There's nothing quite like the great outdoors, and I love every minute that my family and I spend in the wild. But that's just it. It's wild, and with the wilderness comes the plague of bugs that seek to wreak havoc on your vacation and make your life miserable.
I'm all for keeping the bugs at bay, but when you start researching natural remedies, they become a little impractical. Spraying your entire campsite with vinegar is one that gets thrown around a lot, because the bugs hate the smell. Well so do most people. And the acetic acid in white vinegar can also damage and stain your tent. Not cool.
So, here's what you should do instead.
Start a fire (or several)
The first thing you should always do once you make camp is start a fire. Fire is life in the wild, and you will need it to purify collected water, stay warm as the temperature drops, and even provide light and a means to cook your food. But fire is a great bug repellant.
Moths and other nasties are attracted to the light, so you're ridding your camp of these, and the smoke actually provides a barrier that mosquitoes don't like. If I haven't prepared any bug repellants at all, I'll keep a handful of green leaves nearby and toss these onto the fire throughout the night. The smokier it is, the better it serves to keep the bugs away.
If you're somewhere particularly bad, I'd actually recommend creating two or three additional fires. Think of these like backup little smoke generators, that help to create a ring effect so you're effectively building a larger cloud of smoke.
Smoke out the bugs
But more than just smoke, there are few particular smells that the bugs just cannot stand. Citronella oil is one, and if you're headed to a particularly bad campsite, having a couple of citronella lanterns burning will not only provide a little light, but will keep the bugs at bay.
Personally, I like mosquito coils, they're easy to set burning on a can or a bottle (or the stand that comes with the pack), and strategically placed around camp will create a little respite. This is a far easier solution than maintaining three or four separate fires, and is what I normally do, they're easy to pack in my kit, rather light, and work great.
If you're looking for a natural solution, sage works a treat. Of course, if you're taking it from the wild don't devastate an entire plant to give yourself a couple of hours bug-free, a few leaves from few separate and healthy plants will work great. Just add the leaves to your fire.
On our last trip I actually raided my wife's garden for a couple of bunches of lavender, it produced a similar effect and also quite a pleasant smell that lingered on our clothes.
Cover yourself with DEET
There's a reason DEET is the most popular choice for an insect repellant, is that it works so damn well. Of course, the higher percentage of DEET in a product the better, and you can buy these in both spray and cream form, depending on your personal preference.
I like a spray as I can also give my tent, backpack and jacket a once over, which pretty much eliminates any pesky mosquitoes coming near me until it wears off.
DEET is the single most effective way to fight off the bugs, especially if you're still hiking or making your way to camp. Because you don't want to be covered on bug bites in just the first hour or so of your adventure into the wild. Spray yourself, and be protected.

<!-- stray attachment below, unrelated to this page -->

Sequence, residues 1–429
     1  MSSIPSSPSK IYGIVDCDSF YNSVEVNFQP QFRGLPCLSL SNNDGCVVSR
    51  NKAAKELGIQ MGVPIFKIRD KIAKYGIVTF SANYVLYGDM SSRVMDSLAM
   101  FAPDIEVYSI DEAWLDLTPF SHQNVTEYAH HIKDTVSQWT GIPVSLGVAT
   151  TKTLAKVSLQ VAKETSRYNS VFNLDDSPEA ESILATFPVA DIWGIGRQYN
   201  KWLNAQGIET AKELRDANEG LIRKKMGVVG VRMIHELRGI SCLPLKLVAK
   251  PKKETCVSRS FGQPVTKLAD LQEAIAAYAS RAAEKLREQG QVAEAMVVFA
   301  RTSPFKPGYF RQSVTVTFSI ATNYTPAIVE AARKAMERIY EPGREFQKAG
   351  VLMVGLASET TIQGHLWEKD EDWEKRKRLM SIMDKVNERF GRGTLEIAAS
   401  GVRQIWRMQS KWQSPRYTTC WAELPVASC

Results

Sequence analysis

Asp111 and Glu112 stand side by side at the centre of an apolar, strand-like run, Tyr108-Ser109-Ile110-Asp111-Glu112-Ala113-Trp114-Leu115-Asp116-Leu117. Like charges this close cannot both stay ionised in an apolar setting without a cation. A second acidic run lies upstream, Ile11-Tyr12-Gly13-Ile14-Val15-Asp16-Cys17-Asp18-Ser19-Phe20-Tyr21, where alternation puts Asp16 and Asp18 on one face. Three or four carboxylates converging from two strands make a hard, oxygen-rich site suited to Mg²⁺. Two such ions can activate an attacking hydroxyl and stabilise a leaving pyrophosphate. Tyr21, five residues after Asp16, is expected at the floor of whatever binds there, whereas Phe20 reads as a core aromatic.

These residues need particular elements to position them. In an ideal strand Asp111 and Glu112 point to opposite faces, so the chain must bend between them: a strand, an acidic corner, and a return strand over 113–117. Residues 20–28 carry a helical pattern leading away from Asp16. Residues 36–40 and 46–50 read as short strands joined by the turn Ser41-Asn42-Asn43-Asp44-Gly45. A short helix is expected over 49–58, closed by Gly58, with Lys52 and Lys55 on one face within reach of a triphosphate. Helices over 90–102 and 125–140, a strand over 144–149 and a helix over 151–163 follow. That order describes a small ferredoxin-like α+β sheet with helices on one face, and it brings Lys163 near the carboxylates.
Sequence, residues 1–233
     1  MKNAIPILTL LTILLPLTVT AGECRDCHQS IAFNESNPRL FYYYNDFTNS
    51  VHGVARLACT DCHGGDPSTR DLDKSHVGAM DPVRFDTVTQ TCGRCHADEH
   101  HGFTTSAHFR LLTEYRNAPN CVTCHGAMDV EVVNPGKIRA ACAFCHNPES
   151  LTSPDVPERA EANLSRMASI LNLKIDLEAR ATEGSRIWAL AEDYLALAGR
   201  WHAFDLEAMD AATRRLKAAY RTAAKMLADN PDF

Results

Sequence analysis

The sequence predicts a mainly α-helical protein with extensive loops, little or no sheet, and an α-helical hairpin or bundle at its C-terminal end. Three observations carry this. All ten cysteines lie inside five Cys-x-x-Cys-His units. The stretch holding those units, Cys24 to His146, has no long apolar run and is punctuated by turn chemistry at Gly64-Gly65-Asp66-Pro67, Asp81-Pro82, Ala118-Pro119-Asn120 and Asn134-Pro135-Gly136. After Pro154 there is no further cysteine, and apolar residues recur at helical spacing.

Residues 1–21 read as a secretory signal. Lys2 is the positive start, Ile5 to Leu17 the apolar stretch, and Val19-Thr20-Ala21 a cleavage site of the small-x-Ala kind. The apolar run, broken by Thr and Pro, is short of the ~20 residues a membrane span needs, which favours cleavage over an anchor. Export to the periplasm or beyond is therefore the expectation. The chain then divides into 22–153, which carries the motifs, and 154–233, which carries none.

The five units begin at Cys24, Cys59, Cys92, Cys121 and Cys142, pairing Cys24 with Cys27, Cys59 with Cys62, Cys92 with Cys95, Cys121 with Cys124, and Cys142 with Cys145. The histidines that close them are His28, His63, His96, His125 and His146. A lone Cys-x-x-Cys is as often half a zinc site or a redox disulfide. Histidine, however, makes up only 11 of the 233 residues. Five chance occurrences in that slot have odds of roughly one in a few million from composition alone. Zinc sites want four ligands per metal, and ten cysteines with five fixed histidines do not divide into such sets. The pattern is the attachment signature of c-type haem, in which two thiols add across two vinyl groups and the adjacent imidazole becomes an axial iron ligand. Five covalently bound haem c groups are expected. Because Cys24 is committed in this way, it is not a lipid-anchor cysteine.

Wear coverall clothing
Of course, the less skin you have exposed, the better. It's a simple fact, and one many people fail to implement effectively when they're in the wild. Just because it's a little warm is no excuse to wear short shorts or a singlet. The bugs will feast on you.
Wear pants that cover down to your feet effectively, and even consider gaiters to stop leeches and mosquitoes from getting into your ankles and your shoes. Loose, long-sleeved shirts will protect your waist and arms, and while eager mosquitoes may bite through it, it's a good layer to spray with insect repellant so you're not putting this straight on your skin.
Oh, and don't forget a good floppy hat, and for best results take a deep breath (so you're not breathing it in) and give everything a good spray with your insect repellant. You'll need to reapply this every couple of hours, but coverall clothing doused in insect repellant is probably your best bet to keep the bugs away until you set up camp for the night.
Close off your tent
It's also important that your tent has the ability to fully close, especially if you're in an area where there's high concentrations of bugs and other nasties. Check that there are no breaks or tears in the seams, and always keep it closed during the day. If it's hot, you can always open the sides to let the air flow in, but keep the insect screens shut.
I also like to spray the entrance of my tent with a little insect repellant too, so they don't gather on the fly screen and find their way in if you're coming and going during the night. There's nothing worse than trying to sleep with a mosquito buzzing in your ear.
Keeping the bugs at bay when you're camping requires a little preparation, a little forward thinking, and that you're a little proactive in taking the right steps to shield your camp and yourself from all the little nasties that want to feast on you when you're in the wild. Do it right, and you'll start enjoying your time in the outdoors again.